The OpenStack conundrum came to the fore in the compatibility challenge at least Autumns OpenStack summit in Barcelona. During that event a variety of OpenStack vendors of different hues stood up on stage and showed a demo with an application being easily migrated from one cloud to another. There is a lot to be positive in standardisation and compatibility efforts, but the real question should always be how did we get to the point where this was even a question in the first place?
There is a danger of the same issue arising, albeit with a different control point, for Kubernetes. From a developer perspective, the abstractions provide should eliminate most concerns, from an operator perspective they are in danger of becoming acute.
In most of our conversations with vendors of some form of Kubernetes offering we see limited differentiation. Let us be blunt here – your integration with several CI and/or CD systems, github, bitbucket or gitlab and so forth is not a differentiator. Nor is your custom yaml file, slightly nicer installation and the extra go utility that goes with it. These are just table stakes. Everyone is offering these productivity gains, unless you are providing something radically different there is no meaningful differentiation.
In the cold hard commercial sense the market is also being very clear on this lack of differentiation between offerings. During our conversations, we come across a much smaller set of Kubernetes offerings being discussed, with OpenShift from RedHat, Tectonic from CoreOS and Rancher from RancherLabs leading the pack by some way in on-premises discussions and GKE from Google leading managed cloud deployments, with offerings such as WeaveCloud from WeaveWorks also in play. Canonicals Ubuntu based offering is beginning to come up in conversations, and with the strength of their Amazon install base we expect this to rise. Microsoft’s announcement of general availability for Kubernetes on Azure in February is also leading to some early stage deployments.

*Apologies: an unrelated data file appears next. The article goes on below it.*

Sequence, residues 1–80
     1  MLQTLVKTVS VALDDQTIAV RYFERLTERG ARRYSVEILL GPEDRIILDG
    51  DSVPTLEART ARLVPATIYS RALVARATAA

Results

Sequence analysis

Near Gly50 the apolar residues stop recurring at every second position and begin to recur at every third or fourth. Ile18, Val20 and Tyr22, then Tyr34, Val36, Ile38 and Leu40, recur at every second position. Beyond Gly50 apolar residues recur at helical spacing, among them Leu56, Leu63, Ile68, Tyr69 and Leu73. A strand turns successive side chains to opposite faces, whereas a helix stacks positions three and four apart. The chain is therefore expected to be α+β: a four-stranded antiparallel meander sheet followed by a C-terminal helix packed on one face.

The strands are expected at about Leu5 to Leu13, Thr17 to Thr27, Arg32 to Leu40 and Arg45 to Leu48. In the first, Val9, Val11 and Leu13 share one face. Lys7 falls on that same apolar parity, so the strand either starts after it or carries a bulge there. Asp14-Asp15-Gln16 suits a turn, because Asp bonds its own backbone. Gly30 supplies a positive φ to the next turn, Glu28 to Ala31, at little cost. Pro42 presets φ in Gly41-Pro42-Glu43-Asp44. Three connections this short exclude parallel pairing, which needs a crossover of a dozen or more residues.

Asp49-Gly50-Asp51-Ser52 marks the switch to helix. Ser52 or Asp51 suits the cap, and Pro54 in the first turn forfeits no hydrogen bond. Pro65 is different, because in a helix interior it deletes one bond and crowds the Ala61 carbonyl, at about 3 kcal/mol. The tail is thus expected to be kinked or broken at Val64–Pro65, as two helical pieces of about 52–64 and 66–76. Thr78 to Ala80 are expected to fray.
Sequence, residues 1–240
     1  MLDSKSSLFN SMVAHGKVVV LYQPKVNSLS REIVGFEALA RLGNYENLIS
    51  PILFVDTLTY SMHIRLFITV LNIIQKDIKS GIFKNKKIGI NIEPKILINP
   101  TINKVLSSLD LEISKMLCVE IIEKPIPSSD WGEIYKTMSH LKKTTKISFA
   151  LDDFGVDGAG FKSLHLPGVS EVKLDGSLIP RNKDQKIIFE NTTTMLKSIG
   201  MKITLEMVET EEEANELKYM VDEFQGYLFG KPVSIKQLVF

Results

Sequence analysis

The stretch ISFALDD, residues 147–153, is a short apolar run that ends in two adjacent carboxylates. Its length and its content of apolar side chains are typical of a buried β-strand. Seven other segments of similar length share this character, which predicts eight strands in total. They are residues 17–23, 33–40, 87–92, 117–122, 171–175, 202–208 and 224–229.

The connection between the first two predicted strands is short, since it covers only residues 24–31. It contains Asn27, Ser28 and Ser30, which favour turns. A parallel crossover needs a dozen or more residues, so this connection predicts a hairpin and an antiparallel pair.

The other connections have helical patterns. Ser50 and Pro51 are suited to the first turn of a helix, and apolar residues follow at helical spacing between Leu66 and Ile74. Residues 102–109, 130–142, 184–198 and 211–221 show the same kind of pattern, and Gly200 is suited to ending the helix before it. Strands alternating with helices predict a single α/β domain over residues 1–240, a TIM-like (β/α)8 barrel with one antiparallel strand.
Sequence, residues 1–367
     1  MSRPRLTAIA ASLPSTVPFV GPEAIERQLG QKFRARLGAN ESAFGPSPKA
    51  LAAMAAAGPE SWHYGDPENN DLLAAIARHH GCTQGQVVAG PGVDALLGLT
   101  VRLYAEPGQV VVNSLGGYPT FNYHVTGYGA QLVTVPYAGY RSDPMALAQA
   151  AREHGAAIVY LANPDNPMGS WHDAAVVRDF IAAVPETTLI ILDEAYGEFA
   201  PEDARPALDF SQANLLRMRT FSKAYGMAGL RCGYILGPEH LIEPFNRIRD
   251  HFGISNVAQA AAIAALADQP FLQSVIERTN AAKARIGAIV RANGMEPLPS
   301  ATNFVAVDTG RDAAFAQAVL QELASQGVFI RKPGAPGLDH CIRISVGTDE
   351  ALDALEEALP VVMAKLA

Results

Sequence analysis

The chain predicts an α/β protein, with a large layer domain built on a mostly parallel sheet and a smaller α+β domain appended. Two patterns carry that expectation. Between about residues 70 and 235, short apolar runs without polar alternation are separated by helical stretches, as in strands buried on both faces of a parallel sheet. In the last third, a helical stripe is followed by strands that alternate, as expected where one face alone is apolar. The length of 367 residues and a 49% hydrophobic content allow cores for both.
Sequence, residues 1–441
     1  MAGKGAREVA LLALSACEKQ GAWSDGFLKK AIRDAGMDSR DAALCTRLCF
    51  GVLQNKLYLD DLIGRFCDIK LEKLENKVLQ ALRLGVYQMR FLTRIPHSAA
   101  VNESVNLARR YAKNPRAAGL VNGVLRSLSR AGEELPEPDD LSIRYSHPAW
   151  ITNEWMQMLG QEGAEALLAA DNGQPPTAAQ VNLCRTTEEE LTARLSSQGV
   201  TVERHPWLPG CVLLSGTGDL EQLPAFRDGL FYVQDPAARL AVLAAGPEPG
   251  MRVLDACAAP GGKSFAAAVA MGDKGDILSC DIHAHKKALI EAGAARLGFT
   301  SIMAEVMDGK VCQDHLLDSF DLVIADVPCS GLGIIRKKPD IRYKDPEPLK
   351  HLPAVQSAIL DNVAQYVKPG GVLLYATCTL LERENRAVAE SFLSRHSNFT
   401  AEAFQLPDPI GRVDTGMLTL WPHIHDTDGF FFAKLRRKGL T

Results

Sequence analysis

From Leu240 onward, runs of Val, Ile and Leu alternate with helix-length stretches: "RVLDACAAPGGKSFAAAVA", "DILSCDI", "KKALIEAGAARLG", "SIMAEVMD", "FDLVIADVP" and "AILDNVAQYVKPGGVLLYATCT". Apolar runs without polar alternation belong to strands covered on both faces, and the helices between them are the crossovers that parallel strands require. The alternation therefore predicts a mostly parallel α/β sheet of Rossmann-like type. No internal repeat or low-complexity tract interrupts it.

It is important, however, to understand that each of these offerings is considerably more than just vanilla Kubernetes, be it in packaging or easy integration to adjacent services.
The Amazon Question?
For Amazon, much of what is happening around Kubernetes is a win-win.
There is much talk of cloud portability and so forth, but once companies make a choice to go a specific route they tend to stay on it, and you cannot underestimate either the impact of data gravity or the attractiveness of the various database as a service offerings Amazon now have in place.